When Does a Proposed Business Investment Require Approval?

Overseas investment in Australia totalled $3.8 trillion by the end of 2019, with the United States and the UK heading the list of foreign investors (Source:Australian Government Department of Foreign Affairs and Trade). The Australian Government is proactive in encouraging such investment, but this is an area that is heavily regulated. For anyone outside of the country looking to make a business investment, the process followed in order to gain Foreign Investment Review Board or FIRB approval is a complex one. Investment in Australia from overseas is heavily regulated in particular where the investment includes foreign government funding.

Certain forms of investments involving foreign government investors or FGIs may need prior approval of the FIRB. In most private equity funds, government sourced investors often do not play an active part in the control or management of the fund. However, private equity funds that exceed set threshold levels of investment by the overseas government is deemed to be an FGI. FGIs in most instances will need to seek FIRB approval in Australia.

So, when does a proposed business investment need approval and when is it not required?

Types of Transactions Requiring Approval.

A foreign investor needs to inform the FIRB and obtain approval if they are considering one or more of the following types of transactions:

  • They want to start up a new Australian business.
  • They want to acquire interest in Australian land.
  • They want to acquire at least 10% direct interest in an Australian business or Australian entity or be able to control, influence or participate in the business or entity or
  • They want to acquire an equitable or legal interest in an exploration, production or mining tenement.

Foreign investors are not just FGIs looking to invest in the country but also individuals who are also not ordinarily Australian residents. Other entities considered to be a foreign investor include:

  • A corporation, trustee or a partner in a limited partnership where 2 or more people (both not an ordinarily resident in Australia) holds an interest of 40% or more; or
  • A single person not ordinarily a resident in the country who holds an interest of 20% or more.

Again, these entities will need to seek FIRB approval if looking to invest in one or more of the transactions outlined above.

When Does the Proposed Business Investment Require Approval?

The timing of the approval process is crucial and government guidelines are very clear. An FGI has to notify the Treasurer before they take what is known as notifiable actions or a notifiable national security action. Some of the notifiable actions can also be designated as a significant action such as investment into an Australian corporation, business enterprise or trust.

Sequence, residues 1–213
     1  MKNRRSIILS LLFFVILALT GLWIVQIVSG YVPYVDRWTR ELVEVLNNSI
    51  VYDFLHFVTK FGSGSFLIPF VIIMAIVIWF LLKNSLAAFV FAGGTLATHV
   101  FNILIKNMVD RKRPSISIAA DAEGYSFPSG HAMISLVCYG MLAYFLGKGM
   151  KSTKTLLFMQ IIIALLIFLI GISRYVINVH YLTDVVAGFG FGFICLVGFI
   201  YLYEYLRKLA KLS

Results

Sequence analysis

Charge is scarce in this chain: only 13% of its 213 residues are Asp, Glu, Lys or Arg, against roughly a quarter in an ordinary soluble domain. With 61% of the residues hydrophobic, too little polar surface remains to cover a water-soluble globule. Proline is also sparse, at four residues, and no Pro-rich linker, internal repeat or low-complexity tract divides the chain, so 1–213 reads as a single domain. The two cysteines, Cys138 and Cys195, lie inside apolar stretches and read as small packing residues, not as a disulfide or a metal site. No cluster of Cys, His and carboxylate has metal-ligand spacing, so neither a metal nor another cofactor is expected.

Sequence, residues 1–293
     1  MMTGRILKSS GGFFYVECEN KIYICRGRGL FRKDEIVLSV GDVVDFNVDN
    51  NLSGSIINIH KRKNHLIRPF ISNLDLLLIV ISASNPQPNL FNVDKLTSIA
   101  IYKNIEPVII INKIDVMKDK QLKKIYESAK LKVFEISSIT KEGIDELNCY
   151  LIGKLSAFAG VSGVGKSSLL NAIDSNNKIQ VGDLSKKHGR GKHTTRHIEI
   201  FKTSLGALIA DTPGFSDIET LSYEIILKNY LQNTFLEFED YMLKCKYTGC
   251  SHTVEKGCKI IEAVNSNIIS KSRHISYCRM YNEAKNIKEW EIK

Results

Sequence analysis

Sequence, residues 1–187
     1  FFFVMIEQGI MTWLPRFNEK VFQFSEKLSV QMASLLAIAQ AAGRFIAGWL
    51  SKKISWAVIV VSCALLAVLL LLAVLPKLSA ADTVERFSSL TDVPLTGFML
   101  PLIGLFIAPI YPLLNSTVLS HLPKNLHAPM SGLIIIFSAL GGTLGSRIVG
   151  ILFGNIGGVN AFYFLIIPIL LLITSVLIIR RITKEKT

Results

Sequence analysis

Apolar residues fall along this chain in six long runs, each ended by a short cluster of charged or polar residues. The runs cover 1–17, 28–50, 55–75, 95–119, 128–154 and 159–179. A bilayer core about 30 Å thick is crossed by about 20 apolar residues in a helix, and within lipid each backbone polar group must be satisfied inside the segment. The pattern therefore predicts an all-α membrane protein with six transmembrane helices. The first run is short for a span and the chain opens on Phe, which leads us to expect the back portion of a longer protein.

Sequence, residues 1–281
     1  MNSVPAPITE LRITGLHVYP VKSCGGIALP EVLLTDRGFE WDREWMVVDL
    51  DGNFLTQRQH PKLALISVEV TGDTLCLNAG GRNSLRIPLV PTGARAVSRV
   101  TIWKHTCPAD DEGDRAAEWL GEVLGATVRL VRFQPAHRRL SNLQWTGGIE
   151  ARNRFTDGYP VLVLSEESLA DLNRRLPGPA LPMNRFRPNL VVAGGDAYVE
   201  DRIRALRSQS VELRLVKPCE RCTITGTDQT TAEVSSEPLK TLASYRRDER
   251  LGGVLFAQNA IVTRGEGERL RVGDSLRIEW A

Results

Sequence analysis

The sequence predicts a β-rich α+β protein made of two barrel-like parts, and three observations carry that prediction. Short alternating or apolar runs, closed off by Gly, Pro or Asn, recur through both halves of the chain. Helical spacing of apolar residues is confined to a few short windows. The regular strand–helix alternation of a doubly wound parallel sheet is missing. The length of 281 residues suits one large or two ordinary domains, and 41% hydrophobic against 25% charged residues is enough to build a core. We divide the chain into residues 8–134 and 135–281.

Getting a FIRB application together along with all of the relevant supporting documentation is important otherwise delays can arise in obtaining FIRB approval. Information is needed for submitting an application relating to:

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  • Business activities and locations
  • Associated companies and subsidiaries
  • Financial statements and control and ownership
  • A commercial rationale behind the investment as well as an explanation of the funding and source of funds
  • All identities and the country of origin of every investor holding a stake greater than 5%
  • Identities of FGIs and types of rights of the each of the investors
  • Structure diagrams of both pre and post implementation of the proposed investment.

With the relevant information, the FIRB will then make a recommendation to the Australian Treasurer to determine whether or not the application should be approved. FIRB approval is required before the transacting for the foreign investment.

What are the Exemptions from Requiring Approval?

There are a number of exemptions under the Foreign Acquisitions and Takeovers Regulation 2015 where the investment is not considered as a significant action, a notifiable action or a notifiable national security action. In these instances, it may not be necessary to notify the Treasurer. A foreign person also does not have to seek approval if proposing to take a significant action unless it is deemed a notifiable action or a notifiable national security action.

To be able to clarify exactly how to meet the optimum structure for submission, foreign investors need to work with specialists in Australian law, overseas investment and foreign transactions. They will need advice and support on how to manage engagement with government regulators and the FIRB, as well as the transaction structures that meet regulatory approval.

In order to ensure that the proposed investment will stand any chance of success it is important to work with professional companies who have a track record in supporting successful FIRB approval in Australia.

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